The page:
[vc_row][vc_column][vc_row_inner][vc_column_inner][mk_image src=”https://invest-islands.com/wp-content/uploads/2017/10/1210-1.jpg” image_size=”full” align=”center” margin_bottom=”30″][mk_fancy_title size=”35″ font_family=”none”]Indonesia is the largest country in ASEAN which contributes to its booming economy and offers significant opportunities for investors [/mk_fancy_title][vc_column_text]
At a high level, the Association of Southeast Asian Nations (ASEAN) region is a market that is hard to describe in one stroke because there is limited economic commonality between the various countries that are contained within the region. On one hand there’s Singapore with a per capita GDP of $43,000, which is comparable to any other developed country. On the other hand there’s Vietnam with a per capita GDP of $1,000. The former is forecasted to grow at 3-4% over the next 10 years whereas the later is forecasted at 6-7%. Singapore has little known reserves of oil or gas whereas Vietnam’s has significant oil and gas reserves. For this first overview of opportunities, we will focus on Indonesia. Indonesia’s booming economy accounts for over 50% of the population in the ASEAN region.
With a population of 235 million, Indonesia is the largest country in ASEAN and has one of its fastest growing economies. The primary energy sources for Indonesia are oil, natural gas and coal. Due to the booming economy, the Indonesian automotive market is growing at a healthy pace – passenger vehicles at 8%, commercial vehicles at 6% and two-wheelers at 8%. Transportation fuels are subsidized – current subsidized prices at the pump are IDR 4500/liter ($0.53) for both RON 88 gasoline and diesel. The government plans are to phase-out fuel subsidies by 2014.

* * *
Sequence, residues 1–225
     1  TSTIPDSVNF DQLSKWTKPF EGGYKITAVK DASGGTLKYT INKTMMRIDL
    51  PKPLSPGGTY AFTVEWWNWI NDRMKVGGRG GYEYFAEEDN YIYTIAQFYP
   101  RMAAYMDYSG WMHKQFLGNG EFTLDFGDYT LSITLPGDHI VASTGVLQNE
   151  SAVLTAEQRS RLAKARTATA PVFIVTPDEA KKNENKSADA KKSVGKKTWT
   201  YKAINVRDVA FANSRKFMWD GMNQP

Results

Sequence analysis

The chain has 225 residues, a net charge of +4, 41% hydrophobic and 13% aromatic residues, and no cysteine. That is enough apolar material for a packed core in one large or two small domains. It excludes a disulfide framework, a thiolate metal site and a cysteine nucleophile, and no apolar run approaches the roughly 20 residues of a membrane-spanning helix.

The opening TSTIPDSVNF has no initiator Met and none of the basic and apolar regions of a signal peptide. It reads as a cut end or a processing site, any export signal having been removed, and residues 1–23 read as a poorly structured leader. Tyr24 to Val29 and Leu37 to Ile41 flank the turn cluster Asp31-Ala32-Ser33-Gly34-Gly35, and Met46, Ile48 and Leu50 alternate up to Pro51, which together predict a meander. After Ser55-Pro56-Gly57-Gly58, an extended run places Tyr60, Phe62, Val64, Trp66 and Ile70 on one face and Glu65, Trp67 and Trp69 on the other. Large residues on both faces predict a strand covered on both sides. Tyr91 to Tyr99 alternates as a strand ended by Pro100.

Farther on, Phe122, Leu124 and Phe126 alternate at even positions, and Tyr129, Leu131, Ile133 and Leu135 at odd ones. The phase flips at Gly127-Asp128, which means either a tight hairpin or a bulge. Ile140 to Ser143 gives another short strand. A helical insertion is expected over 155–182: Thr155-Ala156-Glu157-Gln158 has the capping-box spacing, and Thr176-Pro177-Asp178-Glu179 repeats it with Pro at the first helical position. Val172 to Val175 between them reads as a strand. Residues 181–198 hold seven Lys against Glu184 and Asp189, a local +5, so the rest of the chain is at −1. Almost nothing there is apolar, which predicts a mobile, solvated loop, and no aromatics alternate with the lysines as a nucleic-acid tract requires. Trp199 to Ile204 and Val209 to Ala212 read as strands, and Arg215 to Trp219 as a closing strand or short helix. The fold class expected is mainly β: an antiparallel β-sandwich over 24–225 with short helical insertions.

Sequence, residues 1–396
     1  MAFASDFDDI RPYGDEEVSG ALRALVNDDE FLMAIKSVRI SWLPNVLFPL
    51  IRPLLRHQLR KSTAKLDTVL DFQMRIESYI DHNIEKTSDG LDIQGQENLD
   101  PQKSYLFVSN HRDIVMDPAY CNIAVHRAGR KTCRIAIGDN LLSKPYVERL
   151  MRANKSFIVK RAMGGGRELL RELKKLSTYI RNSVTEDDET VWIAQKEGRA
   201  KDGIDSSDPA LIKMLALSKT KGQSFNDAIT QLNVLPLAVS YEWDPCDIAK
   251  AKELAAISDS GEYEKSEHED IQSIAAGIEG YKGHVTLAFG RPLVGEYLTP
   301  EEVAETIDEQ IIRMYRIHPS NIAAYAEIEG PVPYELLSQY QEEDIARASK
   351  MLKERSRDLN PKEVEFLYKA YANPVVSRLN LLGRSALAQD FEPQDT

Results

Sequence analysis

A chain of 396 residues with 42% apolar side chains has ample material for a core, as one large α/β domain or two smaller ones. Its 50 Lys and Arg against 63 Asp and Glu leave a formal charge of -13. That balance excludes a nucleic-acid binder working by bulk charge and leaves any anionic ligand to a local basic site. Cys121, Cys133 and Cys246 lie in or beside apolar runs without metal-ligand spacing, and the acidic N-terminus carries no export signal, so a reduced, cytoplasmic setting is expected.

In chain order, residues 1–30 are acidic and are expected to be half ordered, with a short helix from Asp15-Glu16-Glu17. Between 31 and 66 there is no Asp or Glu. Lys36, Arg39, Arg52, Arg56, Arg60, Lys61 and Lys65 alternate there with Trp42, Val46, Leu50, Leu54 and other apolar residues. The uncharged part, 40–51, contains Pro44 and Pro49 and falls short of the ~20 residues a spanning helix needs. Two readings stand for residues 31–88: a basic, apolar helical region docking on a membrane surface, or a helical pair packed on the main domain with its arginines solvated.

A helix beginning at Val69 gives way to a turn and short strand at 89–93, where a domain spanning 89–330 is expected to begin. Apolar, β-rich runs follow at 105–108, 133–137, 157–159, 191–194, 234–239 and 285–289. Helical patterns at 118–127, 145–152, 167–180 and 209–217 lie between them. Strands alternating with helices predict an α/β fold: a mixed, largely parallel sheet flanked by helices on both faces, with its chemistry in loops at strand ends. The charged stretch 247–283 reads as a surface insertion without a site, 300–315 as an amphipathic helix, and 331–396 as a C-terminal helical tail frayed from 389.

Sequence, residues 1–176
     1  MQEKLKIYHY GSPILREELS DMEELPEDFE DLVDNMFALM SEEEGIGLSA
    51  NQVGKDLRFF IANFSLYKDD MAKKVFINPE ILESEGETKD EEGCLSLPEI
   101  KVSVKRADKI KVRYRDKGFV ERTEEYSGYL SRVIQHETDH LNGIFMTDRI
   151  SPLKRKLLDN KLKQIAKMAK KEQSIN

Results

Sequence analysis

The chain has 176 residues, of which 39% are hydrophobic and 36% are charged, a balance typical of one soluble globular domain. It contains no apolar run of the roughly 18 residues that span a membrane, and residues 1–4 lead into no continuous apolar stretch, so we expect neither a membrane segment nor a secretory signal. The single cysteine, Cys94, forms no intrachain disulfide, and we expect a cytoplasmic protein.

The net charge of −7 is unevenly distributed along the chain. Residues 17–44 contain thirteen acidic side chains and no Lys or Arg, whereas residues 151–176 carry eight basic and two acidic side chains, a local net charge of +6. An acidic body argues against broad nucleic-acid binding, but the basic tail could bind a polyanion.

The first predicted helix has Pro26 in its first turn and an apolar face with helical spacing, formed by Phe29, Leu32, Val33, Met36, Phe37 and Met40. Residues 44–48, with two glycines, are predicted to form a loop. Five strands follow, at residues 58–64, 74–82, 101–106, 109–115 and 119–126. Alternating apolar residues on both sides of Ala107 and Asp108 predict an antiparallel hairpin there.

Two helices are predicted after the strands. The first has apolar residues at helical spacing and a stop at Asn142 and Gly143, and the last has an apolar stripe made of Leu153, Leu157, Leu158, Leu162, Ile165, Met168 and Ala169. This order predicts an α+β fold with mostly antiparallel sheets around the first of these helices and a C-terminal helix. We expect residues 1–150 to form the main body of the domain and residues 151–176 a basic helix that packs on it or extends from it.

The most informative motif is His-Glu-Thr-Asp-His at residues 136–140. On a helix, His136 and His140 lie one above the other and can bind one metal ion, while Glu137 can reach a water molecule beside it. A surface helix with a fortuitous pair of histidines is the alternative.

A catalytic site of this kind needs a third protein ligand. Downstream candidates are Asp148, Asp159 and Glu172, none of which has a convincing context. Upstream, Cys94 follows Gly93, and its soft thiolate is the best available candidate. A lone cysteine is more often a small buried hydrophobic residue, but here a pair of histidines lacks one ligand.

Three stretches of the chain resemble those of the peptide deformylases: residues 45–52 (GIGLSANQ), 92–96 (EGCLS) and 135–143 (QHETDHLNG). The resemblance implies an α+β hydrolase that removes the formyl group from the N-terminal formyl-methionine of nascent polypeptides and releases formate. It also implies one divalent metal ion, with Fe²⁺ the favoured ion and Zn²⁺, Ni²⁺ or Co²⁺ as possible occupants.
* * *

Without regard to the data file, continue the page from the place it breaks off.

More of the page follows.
Currently Indonesia is following Euro II specifications (Gasoline sulfur: 500 ppm and Diesel: 3,500 – 5,000 ppm) but is expected by 2015 to adopt Euro IV equivalent standards. Refined product demand is ~ 1.200 million BPD – 0.4 million BPD gasoline and 0.5 million BPD diesel, with gasoline growing faster at 15% and diesel growing at 2%. Indonesia’s diesel consumption has been relatively flat because of the penetration of coal and biodiesel. Domestic capacity in Indonesia is insufficient to meet the growing demand. Indonesia imports about 250,000 BPD of gasoline and 100,000 BPD of diesel.
The Indonesian petrochemical industry is still developing. Current per capita consumption is low compared to its ASEAN peers: polyolefin consumption rate at 7 Kg/capita vs. Thailand/Singapore at 30Kg/capita or global average of 16 Kg/capita are low. Though the demand is low, healthy growth rates at 5 – 8% per year are forecasted going forward. Indonesian olefin production capacity is limited at 600 million metric tons annum (MTA) of ethylene forecasted to grow 3 – 5% annually and 835,000 MTA of propylene forecasted to grow 8+%. Domestic capacity of ethylene is currently short and the shortage is expected to grow. A similar story is emerging in propylene too. LPG is emerging as a favorable feedstock for propylene producers as naphtha prices rise.
Indonesia produces about 3 trillion cubic feet of natural gas annually growing at 2.5 – 3.0%. Domestic consumption is about 1.4 TCF or about 25% of domestic energy supply, growing at 2 – 2.5%, leaving over 50% (1.4+ TCF) of production for exports growing at 4+%. Natural gas accounts for 25% of domestic energy supply. Indonesia has over 150 TCF of conventional natural gas reserves, 70% of which are located offshore. Currently, of the 3 TCF produced, only 0.75 TCF is produced offshore.
Indonesia is one of the largest exporters of liquid natural gas (LNG) in the world. Current LNG capacity is about 36 million tons per annum (TPA) of LNG capacity. Domestic demand for natural gas is estimated to overtake domestic supply in the coming years since gas producers can demand higher prices in international market compared to the low, government regulated gas prices in Indonesia. As a result, natural gas supply to electricity companies and industries is unreliable; thus, Indonesia is looking to explore other sources of gas such as coal gasification. Indonesia is also estimated to have 450+ TCF of CBM reserves. Commercial production is expected to commence in 2013.
[/vc_column_text][/vc_column_inner][/vc_row_inner][/vc_column][/vc_row][vc_row][vc_column][mk_padding_divider][vc_row_inner][vc_column_inner][vc_column_text] Source Article: